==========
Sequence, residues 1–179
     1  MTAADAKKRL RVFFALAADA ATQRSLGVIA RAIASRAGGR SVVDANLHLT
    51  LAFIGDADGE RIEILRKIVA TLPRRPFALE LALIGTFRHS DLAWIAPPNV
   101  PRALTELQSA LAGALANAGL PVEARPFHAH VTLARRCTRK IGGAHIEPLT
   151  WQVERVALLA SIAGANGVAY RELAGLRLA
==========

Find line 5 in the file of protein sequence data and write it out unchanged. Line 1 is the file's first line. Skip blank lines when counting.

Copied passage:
   151  WQVERVALLA SIAGANGVAY RELAGLRLA